Cupping is a therapy that has been around for a long time. It has roots in Chinese medicine, with references to this therapy dating back almost two thousand years. In the past decade, cupping has received attention because numerous celebrities including Olympic swimmer Michael Phelps and actress Gwyneth Paltrow have touted the benefits of cupping therapy. Some acupuncturists and massage therapists incorporate cupping into treatment.
What is cupping and how does it work? Cupping is a therapy performed by a trained practitioner who places small glass cups on the body to create suction. Once suction is created, the practitioner gently slides the cups along tight muscles, loosening them and encouraging blood flow. In a way, cupping is the inverse of typical massage strokes that apply pressure downward on a muscle. It uses negative pressure and pulls the muscles upward, to disrupt the tight muscle pattern. Cupping generally feels more gentle than a deep tissue massage, however, according to the Pacific College of Oriental Medicine, it is thought to affect tissues 4 inches deep. Additionally, cupping often follows the lines of acupuncture meridians, releasing stagnation, resulting in better energy flow and a calm nervous system. Cupping is usually performed on the back. There is a mild side effect. The suction from the cups create red rings that take a few days to fade. If you're headed to the beach or planning to wear an open back cocktail dress, you may want to consider putting your cupping therapy off until after. Otherwise, go ahead and experience how cupping can bring much needed relief to your tight muscles.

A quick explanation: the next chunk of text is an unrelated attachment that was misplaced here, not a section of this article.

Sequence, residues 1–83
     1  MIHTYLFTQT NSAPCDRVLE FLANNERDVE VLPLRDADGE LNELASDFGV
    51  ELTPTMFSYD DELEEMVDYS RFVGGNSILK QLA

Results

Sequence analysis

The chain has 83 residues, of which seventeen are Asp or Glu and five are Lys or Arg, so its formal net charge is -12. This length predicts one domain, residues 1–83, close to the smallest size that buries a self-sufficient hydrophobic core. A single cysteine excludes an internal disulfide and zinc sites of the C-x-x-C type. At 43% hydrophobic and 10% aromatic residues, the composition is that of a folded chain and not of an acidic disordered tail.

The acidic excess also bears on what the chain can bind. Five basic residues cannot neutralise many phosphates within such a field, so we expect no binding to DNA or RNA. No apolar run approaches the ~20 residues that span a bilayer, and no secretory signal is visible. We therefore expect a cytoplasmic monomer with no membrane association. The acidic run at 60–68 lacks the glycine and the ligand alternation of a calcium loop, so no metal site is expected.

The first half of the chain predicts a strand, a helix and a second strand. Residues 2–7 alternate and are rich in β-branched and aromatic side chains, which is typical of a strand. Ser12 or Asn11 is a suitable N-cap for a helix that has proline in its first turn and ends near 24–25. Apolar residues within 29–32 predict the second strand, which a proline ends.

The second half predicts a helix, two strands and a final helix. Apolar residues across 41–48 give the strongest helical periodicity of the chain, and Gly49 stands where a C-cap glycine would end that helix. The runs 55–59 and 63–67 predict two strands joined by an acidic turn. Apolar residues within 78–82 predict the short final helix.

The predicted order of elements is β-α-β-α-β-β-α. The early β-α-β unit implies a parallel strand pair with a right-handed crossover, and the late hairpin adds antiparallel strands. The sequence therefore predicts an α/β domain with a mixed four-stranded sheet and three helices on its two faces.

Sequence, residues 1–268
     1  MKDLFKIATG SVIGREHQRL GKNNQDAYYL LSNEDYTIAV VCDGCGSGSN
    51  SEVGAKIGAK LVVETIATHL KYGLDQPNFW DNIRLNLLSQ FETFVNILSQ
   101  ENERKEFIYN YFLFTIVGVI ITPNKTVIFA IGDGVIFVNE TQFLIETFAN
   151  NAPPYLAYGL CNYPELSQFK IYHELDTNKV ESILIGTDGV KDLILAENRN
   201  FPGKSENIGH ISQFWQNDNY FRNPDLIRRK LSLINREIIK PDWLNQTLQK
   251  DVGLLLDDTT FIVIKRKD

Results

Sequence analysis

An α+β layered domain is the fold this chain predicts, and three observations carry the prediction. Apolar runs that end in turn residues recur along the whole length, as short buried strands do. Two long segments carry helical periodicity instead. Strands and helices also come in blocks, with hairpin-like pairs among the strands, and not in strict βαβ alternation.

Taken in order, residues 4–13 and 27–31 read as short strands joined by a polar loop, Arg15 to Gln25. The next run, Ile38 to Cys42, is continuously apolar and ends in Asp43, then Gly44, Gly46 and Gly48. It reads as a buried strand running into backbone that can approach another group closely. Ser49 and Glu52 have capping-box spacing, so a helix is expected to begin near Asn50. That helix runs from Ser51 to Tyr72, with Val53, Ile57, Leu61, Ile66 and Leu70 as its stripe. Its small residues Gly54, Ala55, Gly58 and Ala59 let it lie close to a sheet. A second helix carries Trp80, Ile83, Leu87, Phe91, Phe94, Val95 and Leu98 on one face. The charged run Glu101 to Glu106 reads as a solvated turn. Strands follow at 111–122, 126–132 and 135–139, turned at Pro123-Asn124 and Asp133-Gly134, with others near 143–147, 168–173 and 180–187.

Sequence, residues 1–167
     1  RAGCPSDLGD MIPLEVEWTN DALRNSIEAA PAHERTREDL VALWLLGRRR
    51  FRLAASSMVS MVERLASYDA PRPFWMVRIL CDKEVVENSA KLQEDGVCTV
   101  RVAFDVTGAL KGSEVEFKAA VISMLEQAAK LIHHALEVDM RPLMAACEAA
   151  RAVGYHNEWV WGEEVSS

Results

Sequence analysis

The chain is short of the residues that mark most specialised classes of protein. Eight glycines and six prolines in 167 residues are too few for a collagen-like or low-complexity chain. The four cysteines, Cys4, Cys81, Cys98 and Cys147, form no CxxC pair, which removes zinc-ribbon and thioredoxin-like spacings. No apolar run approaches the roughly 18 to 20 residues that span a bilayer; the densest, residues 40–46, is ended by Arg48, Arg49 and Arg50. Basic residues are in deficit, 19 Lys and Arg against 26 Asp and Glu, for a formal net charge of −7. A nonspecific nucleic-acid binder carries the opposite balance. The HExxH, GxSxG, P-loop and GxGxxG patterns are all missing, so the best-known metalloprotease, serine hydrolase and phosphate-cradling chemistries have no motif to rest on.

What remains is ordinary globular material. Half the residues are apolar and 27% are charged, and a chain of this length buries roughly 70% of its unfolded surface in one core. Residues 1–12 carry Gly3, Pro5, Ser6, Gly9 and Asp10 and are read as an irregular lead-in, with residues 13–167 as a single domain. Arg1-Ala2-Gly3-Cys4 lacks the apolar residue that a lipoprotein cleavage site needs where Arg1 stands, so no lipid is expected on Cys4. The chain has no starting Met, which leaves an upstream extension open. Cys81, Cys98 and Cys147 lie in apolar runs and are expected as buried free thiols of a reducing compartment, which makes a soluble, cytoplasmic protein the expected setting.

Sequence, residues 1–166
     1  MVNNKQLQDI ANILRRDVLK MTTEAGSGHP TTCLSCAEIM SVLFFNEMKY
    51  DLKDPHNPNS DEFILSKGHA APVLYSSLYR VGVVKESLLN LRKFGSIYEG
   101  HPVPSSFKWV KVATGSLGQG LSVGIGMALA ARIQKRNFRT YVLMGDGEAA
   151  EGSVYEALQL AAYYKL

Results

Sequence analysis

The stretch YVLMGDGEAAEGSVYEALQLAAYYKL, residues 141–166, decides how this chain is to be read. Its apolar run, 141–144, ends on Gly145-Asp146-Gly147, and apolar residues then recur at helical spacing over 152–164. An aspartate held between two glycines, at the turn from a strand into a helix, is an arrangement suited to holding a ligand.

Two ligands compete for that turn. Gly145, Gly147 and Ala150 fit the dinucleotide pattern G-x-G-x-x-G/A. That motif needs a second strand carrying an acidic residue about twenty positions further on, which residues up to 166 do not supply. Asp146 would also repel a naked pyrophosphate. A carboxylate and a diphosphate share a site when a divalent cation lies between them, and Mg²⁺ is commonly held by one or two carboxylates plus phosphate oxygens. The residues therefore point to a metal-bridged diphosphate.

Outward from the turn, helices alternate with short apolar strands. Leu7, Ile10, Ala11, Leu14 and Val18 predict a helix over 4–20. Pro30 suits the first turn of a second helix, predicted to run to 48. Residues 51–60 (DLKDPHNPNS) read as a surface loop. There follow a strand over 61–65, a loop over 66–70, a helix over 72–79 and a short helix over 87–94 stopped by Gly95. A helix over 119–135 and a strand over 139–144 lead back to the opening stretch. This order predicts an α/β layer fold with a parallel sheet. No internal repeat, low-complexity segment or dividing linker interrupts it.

The CDC defines a concussion as “a type of traumatic brain injury—or TBI—caused by a bump, blow, or jolt to the head or by a hit to the body that causes the head and brain to move rapidly back and forth.” Research has shown that the incidence of concussions has increased by 70% in the past decade, especially among individuals under the age of 20. Some people recover quickly. Others experience post-concussion syndrome, which means that recovery can take weeks, months, or longer. We don’t know which children or teenagers will recover quickly and which will be most at risk of struggling in later life.
What are the long-term consequences of concussions?